Predictors of morbidity in patients with indwelling ureteric stents: results of a prospective study using the validated Ureteric Stent Symptoms Questionnaire

Authors


Gianluca Giannarini, MD, Department of Urology, University of Pisa, Ospedale di Cisanello, via Paradisa 2, I-56124 Pisa, Italy. e-mail: gianluca.giannarini@hotmail.it

Abstract

Study Type – Therapy (case series) Level of Evidence 4

What’s known on the subject? and What does the study add?

Although it has long been known that ureteric stenting is associated with significant morbidity in a high proportion of patients, predictors of morbidity remain largely elusive.

In a multivariable analysis of potential predictors of morbidity using the Ureteric Stent Symptoms Questionnaire, an easy-to-determine variable, i.e. the location of stent distal loop with respect to body midline, emerged as the strongest predictor of morbidity. Patients with stent distal loop crossing the midline experienced worse symptoms. The visualization of stent distal loop may, thus, help identify patients at higher risk of morbidity requiring early management.

OBJECTIVE To assess the predictors of morbidity in patients with indwelling ureteric stents using a validated questionnaire.

PATIENTS AND METHODS Eighty-six consecutive patients with indwelling double-J ureteric stent of different length and size enrolled at an Italian tertiary academic centre were prospectively evaluated with the Italian-validated Ureteric Stent Symptoms Questionnaire (USSQ), which explores the stent-related symptoms in six domains. Ureteric stents were placed for benign ureteric obstruction or after uncomplicated ureterorenoscopy, and were all removed after 28 days. The questionnaire was administered on days 7 and 28 after stent placement and on day 28 after removal. A plain abdominal X-ray was performed on days 7 and 28 after placement to determine stent location. Univariable and multivariable analyses tested the association of patient age, sex and body mass index (BMI), and stent side, length, calibre and distal loop location, with the index score of the various domains on days 7 and 28.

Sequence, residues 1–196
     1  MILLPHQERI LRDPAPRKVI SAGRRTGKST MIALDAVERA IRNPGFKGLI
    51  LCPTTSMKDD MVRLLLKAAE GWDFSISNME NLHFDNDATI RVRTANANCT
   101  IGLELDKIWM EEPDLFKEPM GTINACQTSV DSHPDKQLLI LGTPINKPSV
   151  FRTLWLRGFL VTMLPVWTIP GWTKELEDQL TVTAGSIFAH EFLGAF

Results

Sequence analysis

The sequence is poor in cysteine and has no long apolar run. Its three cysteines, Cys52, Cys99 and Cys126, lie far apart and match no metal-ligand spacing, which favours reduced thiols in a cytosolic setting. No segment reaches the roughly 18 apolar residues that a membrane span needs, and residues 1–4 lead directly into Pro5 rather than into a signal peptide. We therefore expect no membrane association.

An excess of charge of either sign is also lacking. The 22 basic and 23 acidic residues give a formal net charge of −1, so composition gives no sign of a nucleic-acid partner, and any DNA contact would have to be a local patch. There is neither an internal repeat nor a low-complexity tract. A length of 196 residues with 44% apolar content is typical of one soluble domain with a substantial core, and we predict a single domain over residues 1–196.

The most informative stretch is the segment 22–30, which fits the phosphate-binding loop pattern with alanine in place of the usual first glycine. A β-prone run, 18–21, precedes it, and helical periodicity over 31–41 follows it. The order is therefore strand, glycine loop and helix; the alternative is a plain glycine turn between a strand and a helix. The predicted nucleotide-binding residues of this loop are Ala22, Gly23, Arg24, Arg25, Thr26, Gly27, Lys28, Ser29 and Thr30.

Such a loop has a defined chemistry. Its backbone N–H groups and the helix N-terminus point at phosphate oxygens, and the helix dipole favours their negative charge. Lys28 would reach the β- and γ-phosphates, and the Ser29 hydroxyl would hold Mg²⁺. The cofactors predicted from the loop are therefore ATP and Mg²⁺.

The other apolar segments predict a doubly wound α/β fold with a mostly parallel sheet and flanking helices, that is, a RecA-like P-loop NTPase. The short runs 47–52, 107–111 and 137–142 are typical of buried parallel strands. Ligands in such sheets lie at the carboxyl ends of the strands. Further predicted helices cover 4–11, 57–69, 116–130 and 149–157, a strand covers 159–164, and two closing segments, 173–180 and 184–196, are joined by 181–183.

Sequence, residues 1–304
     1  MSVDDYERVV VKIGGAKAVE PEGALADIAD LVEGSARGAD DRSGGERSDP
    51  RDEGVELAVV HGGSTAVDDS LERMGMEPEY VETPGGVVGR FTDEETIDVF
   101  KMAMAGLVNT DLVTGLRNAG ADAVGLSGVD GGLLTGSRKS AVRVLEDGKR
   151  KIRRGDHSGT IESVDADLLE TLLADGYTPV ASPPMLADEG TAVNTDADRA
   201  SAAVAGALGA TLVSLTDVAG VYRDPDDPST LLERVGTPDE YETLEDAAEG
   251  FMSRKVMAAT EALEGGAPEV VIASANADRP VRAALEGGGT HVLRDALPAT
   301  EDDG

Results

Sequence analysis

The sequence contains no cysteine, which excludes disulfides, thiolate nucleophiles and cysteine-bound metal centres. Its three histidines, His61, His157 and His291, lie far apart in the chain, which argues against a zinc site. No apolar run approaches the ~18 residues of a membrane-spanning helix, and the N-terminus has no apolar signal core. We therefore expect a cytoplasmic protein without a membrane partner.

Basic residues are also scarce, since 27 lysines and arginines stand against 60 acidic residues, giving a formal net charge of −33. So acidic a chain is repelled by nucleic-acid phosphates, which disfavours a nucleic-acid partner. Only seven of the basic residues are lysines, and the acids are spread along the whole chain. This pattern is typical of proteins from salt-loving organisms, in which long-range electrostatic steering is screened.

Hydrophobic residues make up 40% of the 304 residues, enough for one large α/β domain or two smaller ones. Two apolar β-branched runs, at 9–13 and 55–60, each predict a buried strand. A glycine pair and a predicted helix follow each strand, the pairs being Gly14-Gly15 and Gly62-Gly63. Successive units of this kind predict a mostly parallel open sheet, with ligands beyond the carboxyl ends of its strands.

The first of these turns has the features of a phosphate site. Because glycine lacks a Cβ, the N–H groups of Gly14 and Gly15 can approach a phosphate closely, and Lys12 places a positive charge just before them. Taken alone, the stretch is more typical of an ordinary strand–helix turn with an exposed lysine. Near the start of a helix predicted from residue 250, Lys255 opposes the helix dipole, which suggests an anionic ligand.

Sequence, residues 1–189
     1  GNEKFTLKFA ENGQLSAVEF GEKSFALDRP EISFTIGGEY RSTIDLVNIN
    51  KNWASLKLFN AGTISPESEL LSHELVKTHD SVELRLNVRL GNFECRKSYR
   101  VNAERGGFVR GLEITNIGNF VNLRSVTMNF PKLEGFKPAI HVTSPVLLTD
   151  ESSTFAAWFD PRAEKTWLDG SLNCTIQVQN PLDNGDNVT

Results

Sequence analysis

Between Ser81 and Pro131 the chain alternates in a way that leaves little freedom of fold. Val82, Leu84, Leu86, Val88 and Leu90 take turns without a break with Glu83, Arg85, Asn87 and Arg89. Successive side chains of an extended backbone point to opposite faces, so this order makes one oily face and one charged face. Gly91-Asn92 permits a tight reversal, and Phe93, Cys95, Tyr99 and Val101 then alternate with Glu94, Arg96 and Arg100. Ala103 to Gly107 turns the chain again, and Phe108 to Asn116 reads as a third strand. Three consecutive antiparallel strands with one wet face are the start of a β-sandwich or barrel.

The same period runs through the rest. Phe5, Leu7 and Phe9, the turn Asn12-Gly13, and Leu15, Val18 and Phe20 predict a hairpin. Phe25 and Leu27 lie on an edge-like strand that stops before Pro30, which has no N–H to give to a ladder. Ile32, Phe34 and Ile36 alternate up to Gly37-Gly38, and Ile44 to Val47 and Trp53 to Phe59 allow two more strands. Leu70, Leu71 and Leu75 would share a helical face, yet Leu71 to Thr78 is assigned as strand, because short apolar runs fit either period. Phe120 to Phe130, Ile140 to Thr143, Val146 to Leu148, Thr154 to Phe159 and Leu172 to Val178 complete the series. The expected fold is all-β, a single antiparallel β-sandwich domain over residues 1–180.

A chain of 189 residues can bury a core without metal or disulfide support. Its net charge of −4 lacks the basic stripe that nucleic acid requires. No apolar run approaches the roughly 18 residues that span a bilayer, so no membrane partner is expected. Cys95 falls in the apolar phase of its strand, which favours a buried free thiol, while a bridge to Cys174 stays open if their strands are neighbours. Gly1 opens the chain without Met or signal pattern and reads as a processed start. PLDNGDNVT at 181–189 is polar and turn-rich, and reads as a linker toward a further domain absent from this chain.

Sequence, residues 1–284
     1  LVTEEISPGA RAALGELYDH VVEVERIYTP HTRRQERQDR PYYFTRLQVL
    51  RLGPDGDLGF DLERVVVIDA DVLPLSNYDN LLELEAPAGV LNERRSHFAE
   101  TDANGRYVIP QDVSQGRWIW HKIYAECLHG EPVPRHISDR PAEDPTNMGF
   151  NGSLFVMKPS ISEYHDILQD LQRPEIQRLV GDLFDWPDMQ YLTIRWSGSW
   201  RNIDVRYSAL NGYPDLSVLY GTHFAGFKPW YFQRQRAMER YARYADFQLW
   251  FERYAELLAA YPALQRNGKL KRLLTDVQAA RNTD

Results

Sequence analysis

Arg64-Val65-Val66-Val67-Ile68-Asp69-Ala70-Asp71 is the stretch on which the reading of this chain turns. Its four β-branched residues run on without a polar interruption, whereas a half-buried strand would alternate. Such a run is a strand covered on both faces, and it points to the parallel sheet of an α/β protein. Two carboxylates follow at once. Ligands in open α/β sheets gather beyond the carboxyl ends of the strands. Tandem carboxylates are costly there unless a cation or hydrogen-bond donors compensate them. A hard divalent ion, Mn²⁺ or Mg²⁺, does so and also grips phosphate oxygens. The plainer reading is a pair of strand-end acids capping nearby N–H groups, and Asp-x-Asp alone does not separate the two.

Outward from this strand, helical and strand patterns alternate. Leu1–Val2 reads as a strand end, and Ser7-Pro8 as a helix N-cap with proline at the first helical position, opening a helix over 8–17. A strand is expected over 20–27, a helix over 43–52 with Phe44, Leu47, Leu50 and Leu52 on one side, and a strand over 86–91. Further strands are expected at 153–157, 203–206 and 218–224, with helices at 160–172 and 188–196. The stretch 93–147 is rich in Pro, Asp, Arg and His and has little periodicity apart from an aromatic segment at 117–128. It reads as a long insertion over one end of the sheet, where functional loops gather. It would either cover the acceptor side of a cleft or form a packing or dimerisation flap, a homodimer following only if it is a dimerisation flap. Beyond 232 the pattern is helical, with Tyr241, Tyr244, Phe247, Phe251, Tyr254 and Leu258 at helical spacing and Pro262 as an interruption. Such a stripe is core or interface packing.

RESULTS All patients completed the study. At multivariable analysis, on day 7, sex, BMI and stent calibre were significantly associated with one domain (general health, body pain and work performance, respectively), while location of stent distal loop was significantly associated with five domains (urinary symptoms, body pain, general health, work performanc, and sexual matters). On day 28, body mass index was significantly associated with two domains (body pain and general health), while location of stent distal loop remained significantly associated with the same five domains (urinary symptoms, body pain, general health, work performance and sexual matters).

CONCLUSION Location of stent distal loop with respect to midline had the strongest association with most domains of the USSQ on both days 7 and 28 after stent placement. The visualization of stent distal loop crossing the midline may therefore identify patients at higher risk of post-procedural morbidity requiring early management.

Ancillary